Scientists believe they have finally found a cure for obesity by developing a new way to deliver drugs that are known to turn energy-storing white fat into energy-burning brown fat.
The new approach of delivering drugs is through a micro-needle patch, where each needle is thinner than human hair.
This unique way was tested out on mice by the scientists at Nanyang Technological University (NTU), Singapore, who developed the approach. The results showed a reduction in weight gain in mice on a high-fat diet and their fat mass dropped more than 30 percent over four weeks.
It was noted that the treated mice also had significantly lower blood cholesterol and fatty acid levels as compared to that of the untreated mice.
"Brown fats are found in babies and they help keep the baby warm by burning energy. As humans grow older, the amount of brown fats lessens and is replaced with visceral white fats," Nanyang Technological University scientists explained.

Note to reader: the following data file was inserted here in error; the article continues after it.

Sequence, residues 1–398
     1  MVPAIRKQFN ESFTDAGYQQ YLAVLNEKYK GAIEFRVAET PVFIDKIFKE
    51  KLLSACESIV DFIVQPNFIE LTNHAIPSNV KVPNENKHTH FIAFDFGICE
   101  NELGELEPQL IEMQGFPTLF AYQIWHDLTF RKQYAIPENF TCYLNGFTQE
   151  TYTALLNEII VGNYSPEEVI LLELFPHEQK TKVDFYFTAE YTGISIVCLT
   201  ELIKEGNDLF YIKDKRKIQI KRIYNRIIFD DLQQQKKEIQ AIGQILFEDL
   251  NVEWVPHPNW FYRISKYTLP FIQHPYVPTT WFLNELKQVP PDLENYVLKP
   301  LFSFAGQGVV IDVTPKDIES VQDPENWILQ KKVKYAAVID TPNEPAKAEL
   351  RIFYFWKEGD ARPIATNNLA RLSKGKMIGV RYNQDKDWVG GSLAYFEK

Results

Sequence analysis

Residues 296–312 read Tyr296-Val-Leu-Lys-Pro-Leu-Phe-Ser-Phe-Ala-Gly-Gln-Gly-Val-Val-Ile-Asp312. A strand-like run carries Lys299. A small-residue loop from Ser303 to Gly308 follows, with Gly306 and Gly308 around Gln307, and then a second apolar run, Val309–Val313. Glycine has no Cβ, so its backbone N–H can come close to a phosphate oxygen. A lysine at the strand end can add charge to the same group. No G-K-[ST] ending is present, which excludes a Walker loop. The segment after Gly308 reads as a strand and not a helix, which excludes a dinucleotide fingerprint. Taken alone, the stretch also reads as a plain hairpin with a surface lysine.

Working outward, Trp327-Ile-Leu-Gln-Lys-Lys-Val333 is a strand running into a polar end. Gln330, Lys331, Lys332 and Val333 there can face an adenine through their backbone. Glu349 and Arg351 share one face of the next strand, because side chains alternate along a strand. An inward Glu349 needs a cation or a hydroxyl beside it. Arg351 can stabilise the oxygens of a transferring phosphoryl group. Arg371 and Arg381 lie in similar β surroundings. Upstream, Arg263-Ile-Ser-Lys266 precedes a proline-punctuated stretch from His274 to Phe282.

According to the study, it's a "painless and bloodless drug delivery" as the micro-needles dissolve and releases the drug slowly. It does not have to be administered daily; in fact, it is something that potentially can be done at home.
NTU Professor Chen Peng and Assistant Professor Xu Chenjie believe this approach could help address the obesity problem all over the world without any surgical operations or oral medication.
"With the embedded microneedles in the skin of the mice, the surrounding fats started browning in five days, which helped to increase the energy expenditure of the mice, leading to a reduction in body fat gain," said Xu.
"The amount of drugs we used in the patch is much less than those used in oral medication or an injected dose. This lowers the drug ingredient costs while our slow-release design minimises its side effects," he added.
The study was published in the journal Small Methods.